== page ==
On Farting: Language and Laughter in the Middle Ages by V. AllenOn Farting: Language and Laughter in the Middle Ages by V. Allen

On Farting: Language and Laughter in the Middle Ages

byV. Allen

Paperback | May 13, 2010

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This book presents waste as an aesthetic category that introduces an arsy-versy world where detritus is precious. This aesthetic is applied in the second part to etymology, poking through the 'paternal dungheaps' of words, and tracing their origins not to Eden but to Babel, puns, and word play.
VALERIE ALLEN is Associate Professor of Literature at John Jay College of Criminal Justice at the City University of New York, USA.
Title:On Farting: Language and Laughter in the Middle AgesFormat:PaperbackDimensions:239 pages, 8.5 × 5.51 × 0.59 inPublished:May 13, 2010Publisher:Palgrave MacmillanLanguage:English

The following ISBNs are associated with this title:

ISBN - 10:0230100392

ISBN - 13:9780230100398

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Table of Contents

Introduction: The Midden Age Part I: Beginning Old Farts For the Edification of Copious Shitters and Costive Maidens Whose Hours At Siege Should Be Profitably Employed 'Sometimes I sits and thinks; Sometimes I just sits' Hard Lessons Logic 101 The Music Album Musical Bum Butts and Instruments: Nature vs. Art The Musical Universe Canticus Canticorum [Song of Songs] Broken Air The Nose Knows I/Thou13. One Flesh Pneuma A Short Excursus on Wind Till Death Us Do Part Inspiration 'Oh dear, what can the matter be? Three old ladies got stuck in the lavatory' 'There was an old lady who swallowed a fly' Farting at the Devil Filthy Lucre22. Shitting Ducats Duck-Rabbit, Face-Bottom Part II: In Between In the Beginning was the Word The Silver-Tongued Butt The Grammar of Farts Potent Words Legitimate Etymology Rebuilding Babel Bastard Laughter Better out Than In Spend a Penny, Save a Penny Flatus of the Voice Conclusion: die afterwissenschaft [end-knowledge, pseudo-science, butthole-scholarship] The Mystery of Roland Fartprints of Roland

Editorial Reviews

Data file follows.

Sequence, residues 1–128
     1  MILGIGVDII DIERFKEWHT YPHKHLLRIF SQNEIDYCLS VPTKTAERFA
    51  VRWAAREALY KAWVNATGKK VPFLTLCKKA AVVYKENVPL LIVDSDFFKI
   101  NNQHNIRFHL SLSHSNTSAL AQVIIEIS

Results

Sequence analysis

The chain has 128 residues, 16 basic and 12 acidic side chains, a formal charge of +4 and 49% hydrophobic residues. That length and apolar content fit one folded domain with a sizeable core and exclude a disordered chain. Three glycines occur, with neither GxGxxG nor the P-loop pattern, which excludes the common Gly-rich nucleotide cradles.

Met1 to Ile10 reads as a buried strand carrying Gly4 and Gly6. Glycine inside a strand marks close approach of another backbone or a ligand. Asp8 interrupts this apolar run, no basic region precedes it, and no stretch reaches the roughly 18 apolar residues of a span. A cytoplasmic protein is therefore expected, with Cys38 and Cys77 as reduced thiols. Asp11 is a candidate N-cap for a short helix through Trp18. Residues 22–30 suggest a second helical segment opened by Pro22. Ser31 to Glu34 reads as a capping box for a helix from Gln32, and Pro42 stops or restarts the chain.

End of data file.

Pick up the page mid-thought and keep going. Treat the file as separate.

"Fascinating and witty...the strength of On Farting is its playful and evocative treatment of a number of scatological authors and episodes"--Times Higher Education Supplement "If a book on farting may be called so, it is elegant and erudite."--Marginalia "Funny and intellectually rewarding."--English Studies “Allen has written the secret history of waste from the Ancient to the early modern world, and--dare I say it?--the hidden history of humankind’s relation to the anus. On Farting, in the line of Norbert Elias’s Civilizing Process or Erik Erikson’s Young Man Luther, begins small and spreads like wind to almost every area of personal, social, and even spiritual life in what is a truly original and significant work of cultural analysis. This is a book with a huge sweep--from the folklore of the fart, to popular and canonical literary works, to the upper reaches of Aristotle and Dante. Allen writes with such a combination of wit, imagination, and erudition that scholars will wonder, ‘Why didn’t I think of that?’ and the more general reader will be drawn towards a vision of the past that is lively, courageous, and profound.”-- R. Howard Bloch, Sterling Professor of French, Yale University “Allen takes the fart seriously, refusing to see it either as a marker of abjection or as mere rudeness but also managing to tread the fine line between the portentous and the jeu d'esprit. The book is witty and learned: a tour de force of scholarship and cultural history. The tone is perfectly judged. Allen argues for the fart as a threshold between nature and culture, audible and smellable, and therefore material and bodily, but also roguishly invisible: a challenge to the primarily visual emphasis of contemporary culture. Allen's book savours the power of the fart to call in question not only the canons of good taste but bad taste too, transmuting the whiffy and ineffable into the fresh and audible.”-- Ruth Evans, Professor of English, University of Stirling, Scotland.   “Gifted with a prodigious vocabulary, Allen is equally gifted with an expository style at once pristinely rigorous and utterly reader-friendly. The key is its generosity, what the ancients and medievals would have understood as its liberality or largesse. She writes with such largesse: of information, clarification, good sense, sweet humor, and abiding sympathy with what it means to be human -- unfailingly and unstintingly magnanimous. Her years of reading in an unexpectedly vast array of medieval and early modern materials that show an endless fascination with understanding the bowels of humanity has provided her with a body of evidence that, like the body they and she write about, is full of an afflatus that careers deliriously and deliciously between oracular inspiration and fundamental analysis -- when you read this book, I promise you, you are going to see some amazing shit.”--R. Allen Shoaf, author of Chaucer’s Body, co-founding editor of EXEMPLARIA. "[Allen's] writing is quaint, witty, naughty, learned, and playful. She refuses to make her ripe and odorous subject arid and dull. The language is a delight." —Danuta Shanzer